Twentieth Century Labor Policy and Union Decline: A Time Series Analysis Public Deposited

http://ir.library.oregonstate.edu/concern/graduate_projects/b2773x318

2016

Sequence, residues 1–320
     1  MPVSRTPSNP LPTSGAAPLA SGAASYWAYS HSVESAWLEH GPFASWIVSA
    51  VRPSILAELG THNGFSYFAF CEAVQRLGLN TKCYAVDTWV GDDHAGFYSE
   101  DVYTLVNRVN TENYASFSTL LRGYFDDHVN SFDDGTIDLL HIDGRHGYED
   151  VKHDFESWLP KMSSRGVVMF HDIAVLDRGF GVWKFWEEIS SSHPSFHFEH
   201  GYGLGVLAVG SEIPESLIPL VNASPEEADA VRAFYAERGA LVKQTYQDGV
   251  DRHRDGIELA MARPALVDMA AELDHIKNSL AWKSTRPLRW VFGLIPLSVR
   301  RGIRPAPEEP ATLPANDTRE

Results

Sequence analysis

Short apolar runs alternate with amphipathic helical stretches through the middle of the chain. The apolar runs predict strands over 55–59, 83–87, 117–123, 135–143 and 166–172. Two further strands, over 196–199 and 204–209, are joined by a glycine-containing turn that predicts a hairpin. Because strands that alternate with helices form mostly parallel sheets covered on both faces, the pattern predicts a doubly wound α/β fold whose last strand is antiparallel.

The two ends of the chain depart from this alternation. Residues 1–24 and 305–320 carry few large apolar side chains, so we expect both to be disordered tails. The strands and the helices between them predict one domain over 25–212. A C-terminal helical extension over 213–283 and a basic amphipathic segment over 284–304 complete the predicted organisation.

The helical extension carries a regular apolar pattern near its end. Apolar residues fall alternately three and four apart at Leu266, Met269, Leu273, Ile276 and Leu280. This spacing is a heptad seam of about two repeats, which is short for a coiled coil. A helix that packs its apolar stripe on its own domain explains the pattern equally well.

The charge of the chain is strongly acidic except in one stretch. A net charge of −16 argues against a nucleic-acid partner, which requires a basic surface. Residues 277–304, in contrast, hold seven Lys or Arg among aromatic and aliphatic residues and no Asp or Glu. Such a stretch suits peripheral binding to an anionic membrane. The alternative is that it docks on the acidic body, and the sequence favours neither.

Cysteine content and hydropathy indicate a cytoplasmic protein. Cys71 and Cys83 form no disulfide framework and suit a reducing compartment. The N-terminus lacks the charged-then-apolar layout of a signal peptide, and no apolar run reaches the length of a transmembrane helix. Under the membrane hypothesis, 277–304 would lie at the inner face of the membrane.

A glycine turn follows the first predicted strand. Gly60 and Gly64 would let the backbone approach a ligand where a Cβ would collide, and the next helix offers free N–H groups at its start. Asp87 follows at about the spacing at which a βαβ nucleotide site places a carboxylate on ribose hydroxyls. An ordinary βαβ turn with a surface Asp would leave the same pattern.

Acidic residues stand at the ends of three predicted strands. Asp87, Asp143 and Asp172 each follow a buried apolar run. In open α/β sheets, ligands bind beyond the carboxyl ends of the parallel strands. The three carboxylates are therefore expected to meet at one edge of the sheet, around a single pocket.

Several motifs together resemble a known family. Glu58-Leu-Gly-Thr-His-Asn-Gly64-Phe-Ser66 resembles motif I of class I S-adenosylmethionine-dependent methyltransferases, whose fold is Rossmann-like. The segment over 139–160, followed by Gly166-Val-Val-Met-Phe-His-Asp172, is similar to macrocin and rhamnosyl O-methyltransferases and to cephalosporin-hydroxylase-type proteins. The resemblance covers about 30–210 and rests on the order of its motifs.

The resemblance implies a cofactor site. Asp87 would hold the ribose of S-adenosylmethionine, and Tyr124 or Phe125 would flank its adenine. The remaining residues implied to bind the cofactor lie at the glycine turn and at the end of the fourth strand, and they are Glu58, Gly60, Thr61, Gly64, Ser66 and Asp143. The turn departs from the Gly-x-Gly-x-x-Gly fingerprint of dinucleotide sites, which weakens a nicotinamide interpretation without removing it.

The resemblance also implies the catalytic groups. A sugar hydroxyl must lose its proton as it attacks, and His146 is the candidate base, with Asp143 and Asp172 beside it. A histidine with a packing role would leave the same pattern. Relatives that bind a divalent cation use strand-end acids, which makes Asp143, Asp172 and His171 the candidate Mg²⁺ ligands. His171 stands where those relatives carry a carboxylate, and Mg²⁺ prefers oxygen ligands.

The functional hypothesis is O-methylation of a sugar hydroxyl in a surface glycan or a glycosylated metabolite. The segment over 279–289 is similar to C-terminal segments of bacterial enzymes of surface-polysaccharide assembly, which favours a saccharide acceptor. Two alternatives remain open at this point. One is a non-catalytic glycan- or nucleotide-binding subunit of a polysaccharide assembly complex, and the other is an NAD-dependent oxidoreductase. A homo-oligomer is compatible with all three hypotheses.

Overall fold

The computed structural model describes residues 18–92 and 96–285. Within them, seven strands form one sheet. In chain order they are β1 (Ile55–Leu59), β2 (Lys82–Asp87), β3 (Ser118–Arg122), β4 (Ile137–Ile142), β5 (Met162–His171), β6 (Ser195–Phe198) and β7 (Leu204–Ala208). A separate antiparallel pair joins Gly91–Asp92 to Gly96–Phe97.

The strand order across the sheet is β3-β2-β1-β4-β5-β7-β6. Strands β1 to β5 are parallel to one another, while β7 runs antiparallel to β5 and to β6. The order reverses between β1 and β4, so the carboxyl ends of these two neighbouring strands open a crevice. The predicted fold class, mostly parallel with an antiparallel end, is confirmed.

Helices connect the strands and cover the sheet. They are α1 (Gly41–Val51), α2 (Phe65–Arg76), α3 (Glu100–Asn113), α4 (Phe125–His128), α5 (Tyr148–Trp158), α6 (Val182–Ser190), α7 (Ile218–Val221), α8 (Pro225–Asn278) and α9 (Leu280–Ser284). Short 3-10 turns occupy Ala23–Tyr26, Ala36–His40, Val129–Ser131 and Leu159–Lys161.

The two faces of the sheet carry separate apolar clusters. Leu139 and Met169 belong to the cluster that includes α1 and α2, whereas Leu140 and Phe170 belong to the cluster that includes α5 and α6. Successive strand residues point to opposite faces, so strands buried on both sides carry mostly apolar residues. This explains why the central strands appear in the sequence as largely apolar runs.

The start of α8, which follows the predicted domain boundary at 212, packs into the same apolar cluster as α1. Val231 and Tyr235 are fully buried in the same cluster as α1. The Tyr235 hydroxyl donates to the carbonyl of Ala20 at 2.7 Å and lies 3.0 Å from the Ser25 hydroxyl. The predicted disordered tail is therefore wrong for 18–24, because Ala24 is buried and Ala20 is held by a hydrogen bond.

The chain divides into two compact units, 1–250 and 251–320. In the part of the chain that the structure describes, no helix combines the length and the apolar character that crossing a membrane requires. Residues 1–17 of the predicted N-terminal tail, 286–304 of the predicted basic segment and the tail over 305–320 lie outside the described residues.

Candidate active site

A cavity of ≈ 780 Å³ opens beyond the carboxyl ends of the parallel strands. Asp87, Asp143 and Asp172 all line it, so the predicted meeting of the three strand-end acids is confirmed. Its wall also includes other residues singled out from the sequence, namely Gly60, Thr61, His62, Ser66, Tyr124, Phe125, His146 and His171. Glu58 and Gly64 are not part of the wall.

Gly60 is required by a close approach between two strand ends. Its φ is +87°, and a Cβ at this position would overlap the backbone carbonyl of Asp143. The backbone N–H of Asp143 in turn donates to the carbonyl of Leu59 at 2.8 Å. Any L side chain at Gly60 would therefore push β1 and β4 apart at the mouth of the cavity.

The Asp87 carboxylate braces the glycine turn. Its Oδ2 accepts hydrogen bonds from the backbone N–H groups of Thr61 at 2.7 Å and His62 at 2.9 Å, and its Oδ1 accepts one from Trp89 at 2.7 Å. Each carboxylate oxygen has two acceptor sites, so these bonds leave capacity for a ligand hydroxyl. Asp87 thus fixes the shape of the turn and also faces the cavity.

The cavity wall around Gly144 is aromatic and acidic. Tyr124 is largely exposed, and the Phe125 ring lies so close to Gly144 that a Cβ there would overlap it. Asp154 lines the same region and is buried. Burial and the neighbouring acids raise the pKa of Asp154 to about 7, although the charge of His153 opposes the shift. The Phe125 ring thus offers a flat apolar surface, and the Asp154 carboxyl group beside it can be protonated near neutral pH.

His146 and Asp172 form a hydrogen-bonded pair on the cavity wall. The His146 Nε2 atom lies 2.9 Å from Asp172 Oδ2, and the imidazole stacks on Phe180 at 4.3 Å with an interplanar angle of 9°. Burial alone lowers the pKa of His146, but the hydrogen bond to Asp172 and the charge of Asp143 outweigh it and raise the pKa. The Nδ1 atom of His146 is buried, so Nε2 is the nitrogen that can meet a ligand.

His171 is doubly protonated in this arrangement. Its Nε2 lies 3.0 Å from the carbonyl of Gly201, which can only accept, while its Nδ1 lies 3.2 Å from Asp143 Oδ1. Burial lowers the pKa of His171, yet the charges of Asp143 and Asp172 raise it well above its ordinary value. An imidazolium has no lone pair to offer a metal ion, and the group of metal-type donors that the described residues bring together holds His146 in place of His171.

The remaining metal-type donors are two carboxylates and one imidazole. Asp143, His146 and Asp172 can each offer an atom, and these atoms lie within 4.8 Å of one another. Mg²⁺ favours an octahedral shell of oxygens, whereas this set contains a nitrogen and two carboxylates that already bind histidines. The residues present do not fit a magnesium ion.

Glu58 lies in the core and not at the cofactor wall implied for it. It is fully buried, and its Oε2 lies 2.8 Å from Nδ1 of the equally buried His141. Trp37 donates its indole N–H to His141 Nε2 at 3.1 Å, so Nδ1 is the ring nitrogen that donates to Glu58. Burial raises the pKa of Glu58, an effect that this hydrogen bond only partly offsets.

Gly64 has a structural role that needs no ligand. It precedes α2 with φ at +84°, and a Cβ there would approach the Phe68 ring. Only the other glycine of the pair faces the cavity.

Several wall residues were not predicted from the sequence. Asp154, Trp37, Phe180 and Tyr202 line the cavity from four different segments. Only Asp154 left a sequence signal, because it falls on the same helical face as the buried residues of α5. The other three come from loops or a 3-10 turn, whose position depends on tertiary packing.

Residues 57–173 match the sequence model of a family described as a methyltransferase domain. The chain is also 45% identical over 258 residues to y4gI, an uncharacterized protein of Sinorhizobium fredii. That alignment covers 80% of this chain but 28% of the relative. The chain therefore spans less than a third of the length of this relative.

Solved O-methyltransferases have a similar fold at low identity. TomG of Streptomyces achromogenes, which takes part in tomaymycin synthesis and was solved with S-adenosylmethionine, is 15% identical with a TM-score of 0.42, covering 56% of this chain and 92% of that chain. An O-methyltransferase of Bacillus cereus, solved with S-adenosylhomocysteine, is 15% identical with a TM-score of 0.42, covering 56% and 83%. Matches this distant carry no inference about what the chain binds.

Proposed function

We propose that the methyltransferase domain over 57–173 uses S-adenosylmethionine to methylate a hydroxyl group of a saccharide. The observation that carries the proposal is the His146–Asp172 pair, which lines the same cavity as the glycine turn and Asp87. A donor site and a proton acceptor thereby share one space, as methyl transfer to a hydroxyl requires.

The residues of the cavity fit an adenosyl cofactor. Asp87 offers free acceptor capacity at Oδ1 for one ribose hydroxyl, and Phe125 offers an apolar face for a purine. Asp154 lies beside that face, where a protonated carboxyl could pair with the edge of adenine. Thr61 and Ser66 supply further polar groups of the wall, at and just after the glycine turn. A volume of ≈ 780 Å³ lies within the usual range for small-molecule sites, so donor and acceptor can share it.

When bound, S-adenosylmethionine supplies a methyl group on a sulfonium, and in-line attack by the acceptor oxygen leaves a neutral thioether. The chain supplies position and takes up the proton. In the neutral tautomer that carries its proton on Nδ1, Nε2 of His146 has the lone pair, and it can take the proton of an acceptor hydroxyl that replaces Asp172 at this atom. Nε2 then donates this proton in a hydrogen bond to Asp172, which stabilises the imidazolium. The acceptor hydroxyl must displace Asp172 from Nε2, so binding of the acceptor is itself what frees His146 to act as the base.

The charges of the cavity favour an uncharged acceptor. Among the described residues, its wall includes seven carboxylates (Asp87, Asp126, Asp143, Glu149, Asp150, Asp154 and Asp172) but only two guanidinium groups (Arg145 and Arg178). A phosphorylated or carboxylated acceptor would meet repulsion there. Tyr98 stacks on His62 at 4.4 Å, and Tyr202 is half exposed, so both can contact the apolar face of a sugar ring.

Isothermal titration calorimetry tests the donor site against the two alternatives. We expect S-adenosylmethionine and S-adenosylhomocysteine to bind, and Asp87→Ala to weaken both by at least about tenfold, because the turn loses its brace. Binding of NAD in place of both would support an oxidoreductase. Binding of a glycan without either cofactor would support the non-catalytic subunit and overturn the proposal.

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  • Union density in the United States has declined to historic lows over the past four decades. In 1954, nearly 35 percent of workers were union members while only 11 percent of workers were members of unions in 2015. Simultaneously, economic inequality widened, with one-third to one-fifth of this increase attributed to declining private sector unionization. Three federal laws largely govern union and collective bargaining rights: The National Labor Relations Act of 1935 (Wagner), the Labor Management Relations Act of 1947 (Taft-Hartley), and the Labor Management Reporting and Disclosure Act of 1959 (Landrum-Griffin). This paper seeks to identify the link between these law’s policy structures and the decline in union density while examining interactions with political variables and controlling for relevant economic factors. Using data spanning 1897-2005, results of four OLS time series estimator models indicate these policies did not impact union density growth alone; rather, their effect was conditional on partisan control of the presidency. Policy and politics collided to produce lower yearly growth in union density when Republicans held the presidency during the Taft-Hartley period compared to Democrats during the Wagner period. Additionally, greater Republican Party control of the US Senate also negatively impacted yearly union density growth. It follows that unions should focus their efforts to achieve electoral success nationally and in places like the Rustbelt that have recently moved to curb union rights. More broadly, union should continue to build social movements to pass labor policy reforms that impact all workers at the state and local level.
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